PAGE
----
The two decades prior to the American Civil War were years of staggering social and cultural transition, whose details nevertheless tend to be glossed over in the broader historical surveys of American music. A chronology of significant events during those years might include the following:
1838 Boston admits music into the curriculum of its public schools, under the direction of Lowell Mason.
1839 First appearance in the United States (at the Apollo Theater) by the Rainer Family Singers from the Tyrol, inspiring the formation of several such American groups, notably the Hutchinsons.
1842 Founding of the New York Philharmonic Society, not the first, but America's oldest extant orchestra.
1843 The great Norwegian violinist Ole Bull makes the first of five American tours.
1840s Mason's followers begin spreading musical academies west as far as Ohio, eager to improve the cultured tradition.(1)
Early in the decade, blackface minstrelsy becomes popular as public entertainment.
Crop failures in Europe and wars of 1848 result in massive immigration - particularly of Germans, including German musicians. American musicians in turn begin studying in Germany and bringing back the influence of German romanticism.
1840s and 1850s The numerous ballads of Rochester's Henry Russell and Pittsburgh's Stephen Foster achieve their peak in popularity, while William Henry Fry and George Bristow write operas and symphonies based on continental European models.
1850s The Swedish soprano Jenny Lind makes many tours, beginning in 1850; the German soprano Henriette Sontag tours from 1852 to 1854; pianists Henri Herz and Sigismond Thalberg tour from 1845 to 1851 and from 1856 to 1857, respectively, resulting in much greater emphasis on the virtuoso performer and a consequent fissure between professional and amateur music-making and between concert and popular music.
1850s The number of pianos manufactured in America rises from 9,000 in 1851 to 21,000 in 1860. This decade sees the establishment of the Steinway and Mason & Hamlin piano companies, the phenomenal growth of parlor piano music, and the height of Louis Moreau Gottschalk's fame (last tour in 1862).
Recent cultural history of this period, particularly by Lawrence Levine and Michael Broyles,(2) suggests a division of musical activities at this time into the cultured and popular traditions, or to use Levine's terms, "highbrow" and "lowbrow." There was a simultaneous transition from the transcendentalists' concept of music as the composer's expression of the feelings (equivalent to the essayist's expression of thought) to Mason and his followers' writings about music as a science.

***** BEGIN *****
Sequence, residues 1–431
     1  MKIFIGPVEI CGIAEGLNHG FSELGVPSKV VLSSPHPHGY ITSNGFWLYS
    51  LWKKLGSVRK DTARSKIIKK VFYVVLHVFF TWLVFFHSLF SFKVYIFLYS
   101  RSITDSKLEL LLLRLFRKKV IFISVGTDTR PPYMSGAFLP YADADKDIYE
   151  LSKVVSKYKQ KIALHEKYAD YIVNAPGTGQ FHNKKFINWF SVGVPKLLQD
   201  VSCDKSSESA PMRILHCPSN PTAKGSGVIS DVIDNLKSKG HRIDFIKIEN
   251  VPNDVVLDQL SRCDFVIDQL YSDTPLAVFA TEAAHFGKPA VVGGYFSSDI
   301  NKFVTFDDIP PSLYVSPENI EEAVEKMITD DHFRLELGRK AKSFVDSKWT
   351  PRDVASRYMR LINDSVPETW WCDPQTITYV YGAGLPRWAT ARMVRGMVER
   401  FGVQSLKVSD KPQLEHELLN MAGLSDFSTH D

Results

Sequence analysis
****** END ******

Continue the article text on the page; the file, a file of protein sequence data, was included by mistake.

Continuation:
The trends cited by these and other historians might all be derived from the contemporary periodical literature, but are they? Broyles, for example, cites only one music periodical from these two decades; his other sources are all mainstream literary journals - the same ones cited by Lowens in his index of music subjects in general periodicals devoted to transcendental thought of the time.(3) Why then are music periodicals so infrequently cited in current research in American music?
It is not as though we lack bibliographic access to them - quite the contrary. There are excellent lists by Imogen Fellinger, chronologically arranged - most recently the one appended to the article "Periodicals" in The New Grove Dictionary of Music and Musicians.(4) John Shepard revised the portion of her article devoted to the United States, providing examples and illustrations from American periodicals and updating the bibliography for The New Grove Dictionary of American Music.(5)
There are also a number of comprehensive dissertations and theses that profile nineteenth-century American music periodicals, provide statistical overviews, and track every aspect - financial as well as literary - of their publication history. These dissertations are excellent guides to contents and editorial views and should be on the shelves of every research music library. …